If you follow me on Twitter, you already know that I’ve been very passionate and engaged in the reaction to Thursday’s announcements from BioWare regarding the future of Operations in Star Wars: The Old Republic. I was very unhappy with the announcement, mostly out of fear for the game’s health if people stop playing. I’m actually interested in the adjusted old Ops content because I’ve only raided in the current tier personally, but if my raid team dissolves who is going to run it with me? I’ve voiced a lot of these frustrations and fears on Twitter, but I’ve come to a more optimistic and rational mindset that I thought I’d share!
I came to this realization late Thursday night as I pondered why BioWare would make this decision to go over 12 months (again) without new Operations content. Of all things, an advertisement gave me the answer: Star Wars Battlefront. The game shares a parent company and intellectual property (IP) with Star Wars: The Old Republic. Based on the people I’ve talked to since E3, there seems to be a high percentage of SWTOR players that intend to play Star Wars Battlefront, so it makes sense for EA to implement a business plan to maximize revenues from the two games combined. The strengths and weaknesses of the games even seem to complement each other well. Star Wars Battlefront has minimal single-player appeal but offers beautiful, expansive multiplayer. Star Wars: The Old Republic on the other hand struggles most with satisfying players of group content, while offering the BioWare story that is touted so frequently as its best asset.
It does not make sense for EA to fund the development of two Star Wars games’ content that target the same type of player. The crossover rate just seems too high to ignore and EA would be able to quantify that even better based on player info required to subscribe or pre-order these games. The BioWare announcement makes sense if EA saw this coming and knew that a Star Wars Battlefront release would almost certainly pull away a meaningful amount of gaming hours from the raiding teams in Star Wars: The Old Republic, so it would be wasting development money to release a new Operation on October 27th with only 4-5 weeks before its other game cannibalizes play time from that content.
This is an integral part of EA’s business model, so it’s not a stretch to think they’d manage their Star Wars games this way. Their management team has decades of experience pacing sports game release dates, a great example is their timing of NCAA Football and Madden release dates each year. Both games feature American football and both college and professional seasons begin within a week of each other. But in 2014 the sports titles were released nearly two months apart. The business case is the same now. The crossover rate doesn’t have to be 100% to warrant this approach and it’s reasonable that this case also meets whatever that threshold is for EA.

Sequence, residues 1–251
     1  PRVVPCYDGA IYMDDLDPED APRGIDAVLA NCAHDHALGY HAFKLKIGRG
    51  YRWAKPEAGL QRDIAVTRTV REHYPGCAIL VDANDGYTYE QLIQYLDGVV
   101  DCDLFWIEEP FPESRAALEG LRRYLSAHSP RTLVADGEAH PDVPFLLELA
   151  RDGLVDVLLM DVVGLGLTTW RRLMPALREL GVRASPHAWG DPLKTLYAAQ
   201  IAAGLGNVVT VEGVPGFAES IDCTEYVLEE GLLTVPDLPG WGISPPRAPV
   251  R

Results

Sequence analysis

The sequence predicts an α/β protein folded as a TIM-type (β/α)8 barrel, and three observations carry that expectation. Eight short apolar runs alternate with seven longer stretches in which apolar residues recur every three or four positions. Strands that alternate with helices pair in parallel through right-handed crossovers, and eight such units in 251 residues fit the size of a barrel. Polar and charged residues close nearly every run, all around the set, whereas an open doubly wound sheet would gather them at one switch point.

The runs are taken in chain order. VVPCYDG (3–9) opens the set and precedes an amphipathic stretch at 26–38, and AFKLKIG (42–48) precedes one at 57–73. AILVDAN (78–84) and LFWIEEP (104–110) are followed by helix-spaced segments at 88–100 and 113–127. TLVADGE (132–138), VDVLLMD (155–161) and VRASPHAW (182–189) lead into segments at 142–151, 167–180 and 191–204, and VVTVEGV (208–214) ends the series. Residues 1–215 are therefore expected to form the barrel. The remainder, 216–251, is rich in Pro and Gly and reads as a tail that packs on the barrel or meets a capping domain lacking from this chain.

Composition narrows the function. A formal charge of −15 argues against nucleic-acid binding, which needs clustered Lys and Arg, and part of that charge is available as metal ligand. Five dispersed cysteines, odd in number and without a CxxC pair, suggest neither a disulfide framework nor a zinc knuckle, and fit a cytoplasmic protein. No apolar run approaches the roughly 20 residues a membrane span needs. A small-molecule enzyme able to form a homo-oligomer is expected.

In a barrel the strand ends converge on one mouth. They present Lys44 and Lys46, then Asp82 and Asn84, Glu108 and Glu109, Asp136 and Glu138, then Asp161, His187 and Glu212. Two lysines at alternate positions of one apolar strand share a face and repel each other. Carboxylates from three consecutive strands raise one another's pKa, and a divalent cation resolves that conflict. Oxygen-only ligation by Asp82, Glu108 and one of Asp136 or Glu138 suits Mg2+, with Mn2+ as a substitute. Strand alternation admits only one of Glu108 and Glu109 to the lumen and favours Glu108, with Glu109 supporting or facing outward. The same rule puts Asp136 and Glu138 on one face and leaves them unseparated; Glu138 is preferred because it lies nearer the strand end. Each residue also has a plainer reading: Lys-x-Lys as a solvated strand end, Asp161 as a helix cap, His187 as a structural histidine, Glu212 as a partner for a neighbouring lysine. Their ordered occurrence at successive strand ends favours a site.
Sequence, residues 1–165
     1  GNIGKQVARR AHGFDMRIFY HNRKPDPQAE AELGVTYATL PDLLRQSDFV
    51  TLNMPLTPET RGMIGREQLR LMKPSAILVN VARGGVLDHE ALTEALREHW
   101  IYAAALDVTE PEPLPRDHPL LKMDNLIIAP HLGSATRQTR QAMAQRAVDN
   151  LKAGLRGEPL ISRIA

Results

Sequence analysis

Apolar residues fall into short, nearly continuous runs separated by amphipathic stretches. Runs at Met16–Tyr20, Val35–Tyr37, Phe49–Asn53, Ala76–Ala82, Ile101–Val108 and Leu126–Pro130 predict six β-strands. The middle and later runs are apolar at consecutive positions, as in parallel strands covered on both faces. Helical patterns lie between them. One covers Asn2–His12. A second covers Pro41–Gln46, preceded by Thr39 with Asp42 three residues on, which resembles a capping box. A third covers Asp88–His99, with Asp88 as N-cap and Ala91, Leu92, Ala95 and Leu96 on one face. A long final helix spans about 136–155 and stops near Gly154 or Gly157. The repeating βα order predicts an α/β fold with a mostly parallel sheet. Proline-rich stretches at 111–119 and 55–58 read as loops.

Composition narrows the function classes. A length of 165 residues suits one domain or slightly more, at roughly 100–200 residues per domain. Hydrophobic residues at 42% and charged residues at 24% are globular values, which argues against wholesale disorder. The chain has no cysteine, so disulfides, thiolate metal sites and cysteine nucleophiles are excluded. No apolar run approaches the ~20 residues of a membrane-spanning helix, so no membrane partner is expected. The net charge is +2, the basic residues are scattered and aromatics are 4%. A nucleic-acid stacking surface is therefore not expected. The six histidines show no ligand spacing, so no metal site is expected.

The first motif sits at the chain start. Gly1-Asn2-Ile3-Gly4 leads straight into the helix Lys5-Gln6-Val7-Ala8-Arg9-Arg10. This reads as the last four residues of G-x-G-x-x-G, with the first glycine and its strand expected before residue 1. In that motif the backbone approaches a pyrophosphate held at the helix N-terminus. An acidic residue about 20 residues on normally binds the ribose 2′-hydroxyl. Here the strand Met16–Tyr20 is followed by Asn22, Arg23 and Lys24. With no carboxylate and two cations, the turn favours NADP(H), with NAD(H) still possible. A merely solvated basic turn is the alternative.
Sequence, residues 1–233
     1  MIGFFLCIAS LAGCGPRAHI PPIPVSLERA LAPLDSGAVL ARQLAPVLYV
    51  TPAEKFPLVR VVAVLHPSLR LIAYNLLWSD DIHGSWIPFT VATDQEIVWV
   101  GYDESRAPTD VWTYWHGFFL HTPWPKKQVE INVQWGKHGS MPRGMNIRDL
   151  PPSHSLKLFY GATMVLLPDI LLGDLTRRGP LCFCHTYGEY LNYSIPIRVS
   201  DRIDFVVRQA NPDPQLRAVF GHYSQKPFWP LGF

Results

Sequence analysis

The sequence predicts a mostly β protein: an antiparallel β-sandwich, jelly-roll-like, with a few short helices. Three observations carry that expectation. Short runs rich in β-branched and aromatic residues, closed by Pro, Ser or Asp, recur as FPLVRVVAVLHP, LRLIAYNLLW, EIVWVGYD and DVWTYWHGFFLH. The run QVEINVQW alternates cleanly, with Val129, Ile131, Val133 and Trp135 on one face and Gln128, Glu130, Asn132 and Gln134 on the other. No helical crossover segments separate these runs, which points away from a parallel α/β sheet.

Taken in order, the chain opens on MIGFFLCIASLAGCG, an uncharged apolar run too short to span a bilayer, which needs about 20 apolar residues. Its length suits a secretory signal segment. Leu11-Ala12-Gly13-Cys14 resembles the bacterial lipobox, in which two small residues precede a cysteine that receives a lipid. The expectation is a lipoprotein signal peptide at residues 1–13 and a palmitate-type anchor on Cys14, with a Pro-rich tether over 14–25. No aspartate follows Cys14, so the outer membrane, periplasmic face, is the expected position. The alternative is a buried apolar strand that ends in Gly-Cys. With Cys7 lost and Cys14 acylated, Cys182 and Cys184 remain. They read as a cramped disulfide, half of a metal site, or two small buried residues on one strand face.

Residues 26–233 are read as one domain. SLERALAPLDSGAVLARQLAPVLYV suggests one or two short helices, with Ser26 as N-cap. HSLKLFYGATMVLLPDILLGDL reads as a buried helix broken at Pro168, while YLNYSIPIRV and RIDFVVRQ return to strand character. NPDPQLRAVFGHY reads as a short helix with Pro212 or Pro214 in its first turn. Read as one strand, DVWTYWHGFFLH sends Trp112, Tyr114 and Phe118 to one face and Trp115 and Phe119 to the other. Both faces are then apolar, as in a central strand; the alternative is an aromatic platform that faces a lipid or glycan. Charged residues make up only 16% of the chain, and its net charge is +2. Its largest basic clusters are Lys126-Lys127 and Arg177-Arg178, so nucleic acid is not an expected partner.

This does not even take into account the level adjustment to make the existing Operations meaningful again by introducing a new gear progression based on revisiting content now scaled to level. As I said, this actually appeals to me because I have not completed most of these Operations, and definitely not at level. I know that many players have cleared them, but the response from my raiding team have been more positive than I expected, so my fears of mass exodus have lessened. If anything, the impetus is on us, the raiding community, to draw in more players. The best way to influence BioWare’s future decisions are to draw more players into Operations.
So where does that leave us? As someone who will probably play Star Wars Battlefront when it comes out, I’m look at new leveling content and refreshed old Operations in late October, followed by a new game full of multiplayer Star Wars battles in early December, then fresh progression content back in Star Wars: The Old Republic sometime in the first half of 2016 hopefully. That’s actually a content cycle that keeps me engaged in the Star Wars universe, just across two EA games. This was not what I wanted to see from BioWare for the expansion, but I can respect a rational business decision, even if I have to infer it rather than EA being open about it.
I’m less despondent than I was Thursday, but I’m still a little anxious. Until I see the new gear progression and the player retention success or failure I’ll still have lingering concerns on that level. At the end of the day, I’ve looked into the alternatives, but I love Star Wars and I don’t see better raiding options anywhere else right now for me. So I’ll be here playing and blogging for many months to come, but I’ll still push for “more” for this game I’m so passionate about because that’s important too.
It looks like I’ll be joining the guys on Ootinicast this week to discuss the announcement in that format, so tune in live on Wednesday at 4:30 PST or catch the podcast on iTunes or their website when it’s posted.
– Andrew | SWTOR Economics